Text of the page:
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May 12, 2013

Remembering 11 fallen officers

GREENVILLE — The 11 law enforcement officers from Hunt County who have died in the line of duty will be honored this week during the 16th annual local observance of the National Peace Officers Memorial Day, one of several events scheduled across the nation during National Police Week.

The ceremony is scheduled to start at 9 a.m. Wednesday at the Fletcher Warren Civic Center, 5501 Highway 69 South in Greenville.

The officers from Hunt County who have died while in the line of duty include:

— Hunt County Deputy Sheriff Robert F. Hagood. On Oct. 14, 1874, Hagood followed horse thief James Glass to Marion and Cass counties in East Texas. Hagood was killed when he attempted to arrest Glass. Two, $500 rewards were later offered for the arrest of the person or persons responsible for Hagood’s murder. No records have been found as to the disposition of the murder charge.

— Deputy Sheriff John William Benjamin Adair. Adair also served as a jailer and on Aug. 28, 1886 had tracked six escaped prisoners on horseback, capturing three of them before one fled again. Adair handed his pistol to another man and told the individual to go after the fleeing prisoner. The remaining two inmates overpowered Adair, attacking him with a knife.

— Deputy Joe Brigham, who died Dec. 18, 1892. Brigham and his wife were among the very first settlers in Celeste toward the end of the 19th Century. Brigham, responding to an incident at S. L. Green’s Saloon in Celeste, had been deputized by a Hunt County Constable at the scene to assist in capturing a suspect burglarizing the business. Brigham stepped into the middle of a gun battle, with the suspect shooting him in the chest. Three suspects were eventually captured, but the person believed to be the shooter was never apprehended.

—  Deputy Constable George William Hardin. Late on the night of July 1, 1900, Hardin, along with police officers Lee Howard and Tom Ingram, were outside of Bob Bolton’s Saloon on the east side of the town square. The officers were investigating to see if Bolton was selling liquor in violation of the Sunday closing law. During the confrontation which followed, Hardin was shot in the stomach by Bolton. Hardin drew his pistol and fired several times, killing Bolton. Hardin died at 6 p.m. the next day, July 2, 1900.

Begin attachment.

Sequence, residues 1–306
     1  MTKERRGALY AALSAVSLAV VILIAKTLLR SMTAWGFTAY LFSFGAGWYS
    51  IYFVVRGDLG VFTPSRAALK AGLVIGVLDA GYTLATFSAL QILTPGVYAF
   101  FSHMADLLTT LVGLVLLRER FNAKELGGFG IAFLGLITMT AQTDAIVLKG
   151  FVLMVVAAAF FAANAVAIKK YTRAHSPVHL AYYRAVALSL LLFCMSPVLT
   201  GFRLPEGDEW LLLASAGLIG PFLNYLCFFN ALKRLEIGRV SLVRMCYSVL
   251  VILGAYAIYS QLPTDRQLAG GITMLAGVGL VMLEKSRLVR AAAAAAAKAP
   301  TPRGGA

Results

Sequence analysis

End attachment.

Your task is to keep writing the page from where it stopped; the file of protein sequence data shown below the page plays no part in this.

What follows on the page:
— Deputy Sheriff W. R. “Will” Velvin, who died on Sept. 13, 1902. Velvin was believed to have been attempting to arrest Jim L. Beckham for violating local options laws. When confronted, Beckham allegedly shot Velvin once in the face, killing him instantly.

— Greenville Assistant Chief of Police John L. Southhall and Special Deputy Sheriff Emmett Shipp both died Oct. 6, 1912 as the pair attempted to arrest a drunken gunman known as Sant Slemmons.

— Deputy Sheriff Rayburn L. Shipp died on Oct. 18, 1972, while transporting three prisoners from the Hunt County Jail to the Huntsville State Penitentiary.

— Wolfe City Officer/Chief Tom Ellis (T. E.) White died on July 8, 1975. At the time Wolfe City’s only patrolman, White was killed by a sniper’s bullet as he sat in his police vehicle in downtown Wolfe City early that morning.

— Quinlan Officer Billy Gene Smelley was killed on Sept. 18, 1983. Smelley had arrested a suspect on a charge of driving while intoxicated and during the book-in process, the suspect grabbed the handgun belonging to then-Assistant Quinlan Police Chief Larry Dean Boyd. The suspect shot and killed Smelley and wounded Boyd before taking his own life.

—  Celeste Police Department Sergeant John Maki. On Feb. 10, 2004 Maki was en route to assist Police Chief Clint Mott on a domestic disturbance call in Celeste when his vehicle was involved in a traffic accident which claimed Maki’s life.

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